Thursday, April 18, 2013

Show, Don't Tell

Writing and Revising
When I first started writing, I made many mistakes other novice writers do, one of which was telling my readers what my characters did, felt, and thought instead of allowing the characters to show this through their actions and dialogue.

You might ask—isn’t all writing telling? Not exactly.

Mastering this concept can be a challenge. “Telling” can creep into even the most experienced writer’s work. After all, the writer sees the scene clearly in their mind. It’s easy to forget the reader doesn’t have the same vantage point. Sometimes writers are engrossed in the story and, in the rush to get their thoughts on paper, they often skim over details resulting in telling instead of showing.

So, the editing phase is the perfect time to uncover telling scenes. Yes, we all dislike the editing process, but we owe it to our readers to dig a little deeper and put them on the stage with our characters.

So what exactly does “show, don’t tell” mean?

As Mark Twain put it, “Don’t say the old lady screamed. Bring her on and let her scream.”

Let’s take a look at some examples to better illustrate the difference between show and tell.

Brenda was sad her mother died. She cried as she recalled her negligence in caring for her mother.
Brenda swallowed hard against the ache in her throat. She traced a finger over her mother’s name engraved on her headstone. Hot tears pressed at the corners of Brenda’s eyes in the chilly wind. She pulled her coat closer and drew a deep breath. “I’m sorry I didn’t take better care of you when I had the chance.”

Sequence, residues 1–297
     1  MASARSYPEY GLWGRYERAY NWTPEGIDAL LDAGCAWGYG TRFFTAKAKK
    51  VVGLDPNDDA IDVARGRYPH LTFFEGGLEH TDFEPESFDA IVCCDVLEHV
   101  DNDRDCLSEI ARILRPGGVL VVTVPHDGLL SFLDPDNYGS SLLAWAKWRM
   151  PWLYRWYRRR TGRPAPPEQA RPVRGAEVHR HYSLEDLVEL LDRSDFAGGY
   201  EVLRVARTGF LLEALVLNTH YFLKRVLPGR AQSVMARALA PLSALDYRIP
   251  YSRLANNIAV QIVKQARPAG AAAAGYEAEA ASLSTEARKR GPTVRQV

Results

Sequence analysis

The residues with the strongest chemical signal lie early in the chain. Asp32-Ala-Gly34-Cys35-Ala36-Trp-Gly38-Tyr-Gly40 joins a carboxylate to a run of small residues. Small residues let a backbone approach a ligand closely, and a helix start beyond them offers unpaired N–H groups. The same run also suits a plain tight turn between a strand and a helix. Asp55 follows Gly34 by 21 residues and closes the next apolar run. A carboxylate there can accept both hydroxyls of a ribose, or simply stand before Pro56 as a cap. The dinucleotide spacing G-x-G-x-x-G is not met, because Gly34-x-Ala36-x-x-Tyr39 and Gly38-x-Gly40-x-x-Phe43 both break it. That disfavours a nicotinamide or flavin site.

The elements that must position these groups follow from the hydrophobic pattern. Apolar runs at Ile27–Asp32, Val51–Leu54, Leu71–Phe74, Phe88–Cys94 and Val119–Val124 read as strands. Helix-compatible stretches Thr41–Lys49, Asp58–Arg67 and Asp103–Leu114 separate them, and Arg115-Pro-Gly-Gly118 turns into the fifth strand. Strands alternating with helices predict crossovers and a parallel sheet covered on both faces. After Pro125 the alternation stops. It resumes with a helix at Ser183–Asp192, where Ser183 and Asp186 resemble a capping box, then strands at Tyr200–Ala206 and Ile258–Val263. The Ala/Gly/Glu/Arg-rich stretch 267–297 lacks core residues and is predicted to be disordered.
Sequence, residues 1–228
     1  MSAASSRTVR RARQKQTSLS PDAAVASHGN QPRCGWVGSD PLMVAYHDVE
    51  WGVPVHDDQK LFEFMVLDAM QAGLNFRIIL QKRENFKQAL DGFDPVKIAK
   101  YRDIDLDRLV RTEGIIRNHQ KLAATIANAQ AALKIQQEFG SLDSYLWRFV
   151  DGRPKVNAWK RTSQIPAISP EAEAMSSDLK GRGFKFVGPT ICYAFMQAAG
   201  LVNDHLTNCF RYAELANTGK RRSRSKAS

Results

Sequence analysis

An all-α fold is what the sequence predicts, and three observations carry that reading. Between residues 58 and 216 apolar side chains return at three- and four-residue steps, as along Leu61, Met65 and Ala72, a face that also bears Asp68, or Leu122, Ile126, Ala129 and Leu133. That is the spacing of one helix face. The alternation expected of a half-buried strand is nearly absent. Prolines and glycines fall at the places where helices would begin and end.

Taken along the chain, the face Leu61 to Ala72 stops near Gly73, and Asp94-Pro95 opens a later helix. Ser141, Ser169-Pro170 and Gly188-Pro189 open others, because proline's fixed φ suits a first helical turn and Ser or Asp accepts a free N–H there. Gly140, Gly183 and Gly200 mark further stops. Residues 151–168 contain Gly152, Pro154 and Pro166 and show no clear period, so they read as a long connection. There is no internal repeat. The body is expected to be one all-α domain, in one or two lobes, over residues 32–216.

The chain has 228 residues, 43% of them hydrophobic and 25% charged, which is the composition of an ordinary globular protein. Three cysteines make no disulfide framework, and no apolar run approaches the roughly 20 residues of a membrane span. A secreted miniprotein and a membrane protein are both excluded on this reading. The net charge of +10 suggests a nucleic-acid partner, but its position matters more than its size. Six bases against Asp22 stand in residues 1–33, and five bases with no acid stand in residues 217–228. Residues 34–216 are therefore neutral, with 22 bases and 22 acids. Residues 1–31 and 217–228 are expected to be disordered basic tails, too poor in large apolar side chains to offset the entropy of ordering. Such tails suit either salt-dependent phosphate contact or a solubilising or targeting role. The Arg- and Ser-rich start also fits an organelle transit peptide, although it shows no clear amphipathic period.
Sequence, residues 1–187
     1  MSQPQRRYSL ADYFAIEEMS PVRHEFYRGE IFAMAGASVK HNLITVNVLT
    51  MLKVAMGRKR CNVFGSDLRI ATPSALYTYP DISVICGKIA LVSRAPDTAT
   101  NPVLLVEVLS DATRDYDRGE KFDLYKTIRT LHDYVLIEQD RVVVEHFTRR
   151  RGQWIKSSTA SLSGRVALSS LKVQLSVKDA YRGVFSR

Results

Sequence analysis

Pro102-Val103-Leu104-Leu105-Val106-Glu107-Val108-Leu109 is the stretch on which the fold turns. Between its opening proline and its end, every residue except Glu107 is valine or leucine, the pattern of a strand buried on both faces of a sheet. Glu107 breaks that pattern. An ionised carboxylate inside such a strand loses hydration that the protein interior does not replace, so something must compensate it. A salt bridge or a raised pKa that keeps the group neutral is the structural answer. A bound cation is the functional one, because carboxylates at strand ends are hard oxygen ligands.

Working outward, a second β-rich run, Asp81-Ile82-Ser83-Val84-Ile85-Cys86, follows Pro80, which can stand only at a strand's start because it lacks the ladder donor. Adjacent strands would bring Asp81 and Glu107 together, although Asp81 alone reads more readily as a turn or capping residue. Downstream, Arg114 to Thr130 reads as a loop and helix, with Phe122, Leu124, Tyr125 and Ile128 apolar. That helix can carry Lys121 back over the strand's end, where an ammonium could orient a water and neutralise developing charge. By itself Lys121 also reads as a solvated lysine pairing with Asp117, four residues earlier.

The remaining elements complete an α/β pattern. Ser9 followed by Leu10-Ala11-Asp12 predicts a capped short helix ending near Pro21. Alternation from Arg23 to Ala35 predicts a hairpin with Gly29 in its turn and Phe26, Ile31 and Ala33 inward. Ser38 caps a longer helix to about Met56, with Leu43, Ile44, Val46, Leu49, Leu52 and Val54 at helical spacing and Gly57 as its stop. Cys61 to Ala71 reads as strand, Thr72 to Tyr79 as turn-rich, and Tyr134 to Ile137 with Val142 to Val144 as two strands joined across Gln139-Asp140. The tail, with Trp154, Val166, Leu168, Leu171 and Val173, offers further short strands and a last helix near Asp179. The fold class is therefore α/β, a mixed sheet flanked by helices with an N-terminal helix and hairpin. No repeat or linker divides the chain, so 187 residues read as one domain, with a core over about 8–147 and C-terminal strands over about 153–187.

A longer example:


Dawn was distraught that her terrier Fluffy lay on the side of the road dead. She felt guilty because it was her fault for letting him run free instead of putting him on a leash.


Dawn stumbled down the sidewalk. Her mind refused to believe what her eyes told her. Fluffy, her little brown terrier, lay in a crumpled heap on the roadside where a speeding car had tossed him like yesterday’s garbage.

Dawn dropped to her knees in front of Fluffy. She ran a trembling hand across his soft fur. He shivered one final breath before his body grew still.

“Fluffy!” Dawn scooped the dog into her arms and clutched him to her chest.

“Why?” She wailed. “Why did I let you out of the house without your leash?”

She rocked back and forth, sobbing, with tears streaming down her cheeks. Her neighbors stepped onto their porch and craned their necks to see what had happened.

The differences between the examples are obvious. In the second example, the reader sees Dawn is distraught and guilt-ridden without either word appearing in the text. Not only that, I’ve engaged the reader’s senses to the point where they may wonder how the rest of the scene will unfold. This keeps the reader from putting down the book.

This concept applies to both fiction and non-fiction. Whether you’re writing an article or a book, the best way to share your story is with anecdotes or scenes filled with action and dialogue.

Now, take a look at your work in progress (WIP), and see if there are scenes you can rewrite to show your story better.

What ways can you think of to show one or more of these emotions in your characters without actually using these words: joy, sadness, fear, excitement, rage, frustration, boredom, or anxiety?
If you’d like additional help, a great writing resource on this topic is The Emotion Thesaurus: A Writer’s Guide to Character Expression by Angela Ackerman and Becca Puglisi. This can be purchased at

This post is available as a free PDF download by clicking on the icon in the left column.

©Laura Hodges Poole


  1. Excellent. I think we all had to learn this. So amazing what a difference it makes.

    1. Thanks, Pamela. It makes a great deal of difference in one's writing. So glad you stopped by.